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Debt lessons from EABL’s oversubscribed bond issue

By XN Iraki | November 2nd 2021

The political headlines may have distracted us from an interesting piece of news - the East African Breweries Ltd (EABL) bond that was oversubscribed by 275 per cent.

Companies sell bonds to raise funds either from individuals or other corporations. You lend the bond issuer, in this case, EABL, money and benefit from the interest paid. 

The proceeds of the bond are used to expand the business or retire old debts if the interest rate is more favourable should the company pay off the debt ahead of schedule.

One could ask why such a big firm would opt for debt instead of using internally generated funds.

Technically speaking, the value of the firm is invariant to how it is funded through equity or debt. Remember the Modigliani and Miller theorem? 

The principal, fronted by Franco Modigliani and Merton Miller forms the basis for modern thinking on capital structure. The basic theorem states that in the absence of taxes, bankruptcy costs, agency costs, and asymmetric information, and in an efficient market, the enterprise value of a firm is unaffected by how that firm is financed; for the government, equity is the tax we pay. 

Debt allows you to get funds at once. Otherwise, a firm would have to wait many years before accumulating enough retained earnings for a big project.

By then, competitors would have taken over the market. This is also why individuals and governments borrow. 

Noted how teachers in the countryside have prospered through debt mostly through Sacco loans. 

Bonds are often cheaper than an outright loan from a bank. Corporations could also issue more shares (rights issue) to raise more funds. In EABL’s case, it went the bond way.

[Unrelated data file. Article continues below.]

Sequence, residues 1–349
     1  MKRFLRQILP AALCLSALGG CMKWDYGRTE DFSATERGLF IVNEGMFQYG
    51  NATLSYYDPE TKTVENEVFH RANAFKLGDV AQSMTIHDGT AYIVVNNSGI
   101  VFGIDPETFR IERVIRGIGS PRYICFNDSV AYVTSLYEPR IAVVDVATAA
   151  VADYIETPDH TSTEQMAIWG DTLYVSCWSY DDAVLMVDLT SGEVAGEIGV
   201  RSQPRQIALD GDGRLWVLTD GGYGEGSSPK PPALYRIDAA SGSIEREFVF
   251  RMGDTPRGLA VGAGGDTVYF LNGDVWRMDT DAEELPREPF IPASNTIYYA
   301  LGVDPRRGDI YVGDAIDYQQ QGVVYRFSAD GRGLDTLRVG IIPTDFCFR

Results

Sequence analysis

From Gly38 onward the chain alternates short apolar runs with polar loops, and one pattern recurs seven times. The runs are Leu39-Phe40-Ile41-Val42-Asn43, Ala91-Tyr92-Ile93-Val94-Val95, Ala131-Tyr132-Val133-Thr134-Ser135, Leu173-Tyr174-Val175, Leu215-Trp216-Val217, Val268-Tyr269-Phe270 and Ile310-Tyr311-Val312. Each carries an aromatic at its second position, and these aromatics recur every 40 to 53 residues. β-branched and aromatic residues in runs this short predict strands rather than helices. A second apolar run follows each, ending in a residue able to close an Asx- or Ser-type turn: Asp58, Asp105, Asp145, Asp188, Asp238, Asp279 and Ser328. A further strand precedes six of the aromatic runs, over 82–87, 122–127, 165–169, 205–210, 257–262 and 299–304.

Let’s go back to the heart of our matter: why was the bond oversubscribed amidst the ravages of Covid-19?

Bond buyers are investors and prefer high returns and lower risks. By oversubscribing to the bond, investors gave EABL a vote of confidence. I must declare here that I happen to own a few shares in the brewer.  Would other firms listed on Nairobi Securities Exchange (NSE) have their bond oversubscribed?

Looking at their stock prices and trends, it is possible to predict which listed firms are likely to see an oversubscription should they decide to issue bonds.

Rating by S&P, Moody’s, Fitch and other agencies can also give a hint on the demand of a given firm’s bond. Our credit reference bureau (CRB) rating should be institutionalised and used to price personal debt.  

Oversubscription also shows that there is a lot of money in the economy for investment.

EABL was looking to raise Sh11 billion, but ended up getting Sh37.5 billion.

So there are some Sh26.5 billion floating around in the economy after EABL surpassed its target.

The interest rate offered for the bond was another attraction for investors besides the allure of EABL as a brand. By virtue of being listed, information about the company is also readily available.  

This oversubscription left me thinking: why can’t we mobilise the money floating around in the economy and invest it?

It seems the Sh73 billion for building the Nairobi Expressway could easily have been sourced locally.

The toll charges that will go to the Chinese contractor would have remained here. The public-private partnership model has opened a window of opportunity to tap excess funds in the economy. Why can’t we use EABL’s approach in funding public projects? When will the counties start floating such bonds? 

It’s paradoxical that while we rant about spiralling national debt, we are willing to lend to someone else! The reason is simple: we believe the money will be put to good use.  

The EABL bond shows clearly why the government should not crowd out the private sector for funds. The owners of the funds seem to believe more in the private sector. Are Treasury bills and bonds oversubscribed to that extent?  

This oversubscription leads to another observation. If entities put their house in order, others will lend them their money.

This applies to corporations, individuals and governments. It is why good governance and fiscal discipline matter.

We need a few well-governed counties to float bonds and use the money to improve their infrastructure. Others will follow suit.

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